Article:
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Third Inhaler Company Caps Prices at $35 a Month After Baldwin’s Investigation into High Costs

GSK becomes third major inhaler manufacturer to cap prices after increased scrutiny from Baldwin; Baldwin: “Make no mistake, our campaign against big drug companies to lower costs is working”

WASHINGTON, D.C. – U.S. Senator Tammy Baldwin (D-WI) applauds GlaxoSmithKline’s (GSK) announcement that Americans throughout the country with asthma and COPD will pay no more than $35 for the brand name inhalers they manufacture. With this announcement, GSK joins AstraZeneca and Boehringer Ingelheim as the third major inhaler manufacturer to cap the out-of-pocket costs for their inhaler products at $35 per month in the United States. GSK, AstraZeneca, and Boehringer Ingelheim are three of the four drug companies that Senator Baldwin launched an investigation into, questioning the exorbitantly high costs Americans pay for inhalers compared to other countries.

“Make no mistake, our campaign against big drug companies to lower costs is working. For far too long, big pharmaceutical manufacturers have gotten away with jacking up the costs for those who rely on inhalers to breathe,” said Senator Baldwin. “I launched an investigation into these big drug companies to hold their feet to the fire on their price gouging and since then, three out of the four have come clean and are lowering prices for middle-class families. I will continue to hold big pharma companies accountable and bring down the cost for Wisconsin families.”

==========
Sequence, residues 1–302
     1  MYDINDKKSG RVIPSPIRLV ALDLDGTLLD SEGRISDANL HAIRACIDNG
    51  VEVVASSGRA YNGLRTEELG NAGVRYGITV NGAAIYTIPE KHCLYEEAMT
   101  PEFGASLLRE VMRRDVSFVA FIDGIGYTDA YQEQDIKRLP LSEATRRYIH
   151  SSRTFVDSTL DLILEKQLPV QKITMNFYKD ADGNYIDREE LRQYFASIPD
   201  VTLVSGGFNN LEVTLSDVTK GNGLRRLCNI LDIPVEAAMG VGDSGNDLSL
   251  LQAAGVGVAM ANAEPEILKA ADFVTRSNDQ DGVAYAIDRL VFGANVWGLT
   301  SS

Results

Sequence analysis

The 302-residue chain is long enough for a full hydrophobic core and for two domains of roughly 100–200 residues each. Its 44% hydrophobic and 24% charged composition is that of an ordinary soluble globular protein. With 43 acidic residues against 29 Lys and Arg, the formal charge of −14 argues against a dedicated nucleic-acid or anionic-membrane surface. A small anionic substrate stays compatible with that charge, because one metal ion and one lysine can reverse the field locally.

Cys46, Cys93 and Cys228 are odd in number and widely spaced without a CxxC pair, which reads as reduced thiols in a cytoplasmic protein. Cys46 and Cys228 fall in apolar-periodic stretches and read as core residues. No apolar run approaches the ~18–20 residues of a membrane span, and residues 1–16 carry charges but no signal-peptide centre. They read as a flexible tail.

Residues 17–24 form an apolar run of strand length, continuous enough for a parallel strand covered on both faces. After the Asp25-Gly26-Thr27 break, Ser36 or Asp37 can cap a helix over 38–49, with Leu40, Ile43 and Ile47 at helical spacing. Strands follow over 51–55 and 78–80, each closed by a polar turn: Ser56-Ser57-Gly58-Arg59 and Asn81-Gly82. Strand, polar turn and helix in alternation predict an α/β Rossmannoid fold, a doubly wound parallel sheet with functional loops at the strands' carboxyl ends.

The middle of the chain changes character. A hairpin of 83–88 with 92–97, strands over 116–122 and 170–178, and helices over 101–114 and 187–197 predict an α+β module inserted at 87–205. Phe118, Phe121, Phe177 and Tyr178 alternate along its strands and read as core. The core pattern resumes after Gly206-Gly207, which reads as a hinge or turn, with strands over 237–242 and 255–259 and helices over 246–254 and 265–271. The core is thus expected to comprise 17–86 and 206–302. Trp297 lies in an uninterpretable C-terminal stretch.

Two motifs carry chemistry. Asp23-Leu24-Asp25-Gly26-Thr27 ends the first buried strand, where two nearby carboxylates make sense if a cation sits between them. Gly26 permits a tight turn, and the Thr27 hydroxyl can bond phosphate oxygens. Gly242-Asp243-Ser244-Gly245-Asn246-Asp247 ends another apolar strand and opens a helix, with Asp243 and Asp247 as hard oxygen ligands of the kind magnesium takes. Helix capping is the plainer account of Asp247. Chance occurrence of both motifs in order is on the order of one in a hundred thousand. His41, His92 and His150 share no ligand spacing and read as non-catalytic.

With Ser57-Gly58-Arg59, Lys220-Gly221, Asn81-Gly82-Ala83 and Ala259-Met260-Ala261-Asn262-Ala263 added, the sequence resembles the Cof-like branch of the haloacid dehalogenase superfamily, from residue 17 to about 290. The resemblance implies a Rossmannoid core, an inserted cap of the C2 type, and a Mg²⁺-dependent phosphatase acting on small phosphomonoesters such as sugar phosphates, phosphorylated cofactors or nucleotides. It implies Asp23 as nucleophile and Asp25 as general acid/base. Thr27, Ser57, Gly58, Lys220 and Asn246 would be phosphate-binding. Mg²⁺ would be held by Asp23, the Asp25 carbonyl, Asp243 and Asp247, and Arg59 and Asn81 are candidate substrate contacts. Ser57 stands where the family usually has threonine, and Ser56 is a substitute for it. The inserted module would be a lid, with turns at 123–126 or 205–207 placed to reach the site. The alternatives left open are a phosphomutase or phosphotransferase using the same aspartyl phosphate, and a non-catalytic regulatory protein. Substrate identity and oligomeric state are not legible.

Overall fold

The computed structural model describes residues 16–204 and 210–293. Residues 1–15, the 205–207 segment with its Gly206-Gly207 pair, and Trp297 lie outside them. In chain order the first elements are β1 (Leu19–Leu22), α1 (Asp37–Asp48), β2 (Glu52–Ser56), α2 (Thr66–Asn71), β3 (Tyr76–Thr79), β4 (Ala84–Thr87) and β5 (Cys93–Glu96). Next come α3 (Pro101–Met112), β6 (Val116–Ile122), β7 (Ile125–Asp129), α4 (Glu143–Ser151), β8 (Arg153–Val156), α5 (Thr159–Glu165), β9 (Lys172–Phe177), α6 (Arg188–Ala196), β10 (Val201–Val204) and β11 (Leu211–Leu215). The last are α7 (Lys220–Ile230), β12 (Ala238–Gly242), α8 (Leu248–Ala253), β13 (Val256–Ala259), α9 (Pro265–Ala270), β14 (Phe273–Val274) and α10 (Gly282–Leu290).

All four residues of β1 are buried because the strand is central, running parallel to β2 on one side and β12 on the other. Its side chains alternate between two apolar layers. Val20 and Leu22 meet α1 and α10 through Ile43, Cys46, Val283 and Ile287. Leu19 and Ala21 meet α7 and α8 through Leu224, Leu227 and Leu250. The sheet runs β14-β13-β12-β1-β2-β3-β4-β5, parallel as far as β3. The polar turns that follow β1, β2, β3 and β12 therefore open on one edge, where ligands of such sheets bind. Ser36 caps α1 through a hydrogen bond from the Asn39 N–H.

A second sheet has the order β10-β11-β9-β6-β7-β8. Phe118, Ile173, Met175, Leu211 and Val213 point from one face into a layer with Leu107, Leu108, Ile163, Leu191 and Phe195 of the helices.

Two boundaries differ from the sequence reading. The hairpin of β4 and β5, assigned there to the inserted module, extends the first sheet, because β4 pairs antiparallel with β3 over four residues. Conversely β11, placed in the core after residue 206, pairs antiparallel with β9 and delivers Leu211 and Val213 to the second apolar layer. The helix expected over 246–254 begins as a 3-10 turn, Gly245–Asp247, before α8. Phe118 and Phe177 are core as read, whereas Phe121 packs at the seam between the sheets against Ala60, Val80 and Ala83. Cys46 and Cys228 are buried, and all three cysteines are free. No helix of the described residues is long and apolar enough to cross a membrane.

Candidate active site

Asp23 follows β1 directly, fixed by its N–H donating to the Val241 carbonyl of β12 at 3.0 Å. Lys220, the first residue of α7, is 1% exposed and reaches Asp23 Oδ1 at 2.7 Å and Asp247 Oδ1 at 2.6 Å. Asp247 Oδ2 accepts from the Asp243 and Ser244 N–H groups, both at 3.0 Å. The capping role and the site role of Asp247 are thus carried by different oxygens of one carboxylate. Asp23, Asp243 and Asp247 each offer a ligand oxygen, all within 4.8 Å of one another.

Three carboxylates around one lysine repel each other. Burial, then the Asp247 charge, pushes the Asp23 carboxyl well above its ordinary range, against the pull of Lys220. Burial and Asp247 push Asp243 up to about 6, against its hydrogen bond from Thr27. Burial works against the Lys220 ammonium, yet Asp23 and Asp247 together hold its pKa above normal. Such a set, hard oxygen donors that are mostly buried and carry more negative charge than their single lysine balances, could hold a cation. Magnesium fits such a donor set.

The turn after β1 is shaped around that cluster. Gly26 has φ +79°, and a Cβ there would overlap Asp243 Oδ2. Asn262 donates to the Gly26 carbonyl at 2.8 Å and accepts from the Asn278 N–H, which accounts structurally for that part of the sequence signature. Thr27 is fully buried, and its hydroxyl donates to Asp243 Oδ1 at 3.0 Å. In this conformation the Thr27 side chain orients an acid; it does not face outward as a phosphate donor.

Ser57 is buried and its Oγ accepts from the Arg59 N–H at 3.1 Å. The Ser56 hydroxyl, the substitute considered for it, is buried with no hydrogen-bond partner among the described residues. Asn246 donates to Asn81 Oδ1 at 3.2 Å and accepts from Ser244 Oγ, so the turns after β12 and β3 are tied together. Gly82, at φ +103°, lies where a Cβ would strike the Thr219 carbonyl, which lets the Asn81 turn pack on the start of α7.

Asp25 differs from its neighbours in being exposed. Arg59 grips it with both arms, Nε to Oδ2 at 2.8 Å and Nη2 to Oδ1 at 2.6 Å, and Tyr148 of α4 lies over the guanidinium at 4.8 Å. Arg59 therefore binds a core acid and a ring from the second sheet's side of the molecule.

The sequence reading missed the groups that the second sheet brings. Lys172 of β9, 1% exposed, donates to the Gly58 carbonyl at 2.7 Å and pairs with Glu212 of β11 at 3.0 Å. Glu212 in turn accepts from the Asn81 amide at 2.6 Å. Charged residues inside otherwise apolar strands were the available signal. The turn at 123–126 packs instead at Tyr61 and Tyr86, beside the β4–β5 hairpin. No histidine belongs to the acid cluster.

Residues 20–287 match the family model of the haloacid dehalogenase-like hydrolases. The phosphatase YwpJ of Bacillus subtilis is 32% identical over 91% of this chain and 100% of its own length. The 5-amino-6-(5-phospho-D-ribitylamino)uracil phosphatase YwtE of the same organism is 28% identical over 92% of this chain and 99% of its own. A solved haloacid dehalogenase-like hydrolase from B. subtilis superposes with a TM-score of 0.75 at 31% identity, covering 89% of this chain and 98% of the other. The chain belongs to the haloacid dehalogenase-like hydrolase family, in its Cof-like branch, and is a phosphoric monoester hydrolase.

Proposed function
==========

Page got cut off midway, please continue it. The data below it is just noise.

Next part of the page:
GSK announced they would cap of out-of-pocket costs at $35 per month for all of its asthma and chronic obstructive pulmonary disease (COPD) medicines, the most prescribed portfolio of inhalers in the U.S.

The announcement comes after Senator Baldwin has been hosting roundtable discussions with providers, patients, and advocates on the impact of high inhaler costs. This week, Baldwin was in Milwaukee, which is ranked fourth among the nation’s top “asthma capitals” and pediatric uncontrolled asthma is a leading cause of emergency room visits, and heard from patients and providers how the high cost of inhalers can lead to patients rationing their supply. Senator Baldwin also was in Dane County and heard stories about the barriers patients and families face to accessing inhalers.

Earlier this year, Senator Baldwin also called on the four biggest inhaler companies to stop unfairly locking out generics from the market and driving up the cost of inhalers for Americans. Specifically, in letters to AstraZeneca, Boehringer Ingelheim, GSK, and Teva, Senator Baldwin called on the companies to stop improperly listing patents for inhalers in the Orange Book and stifling competition.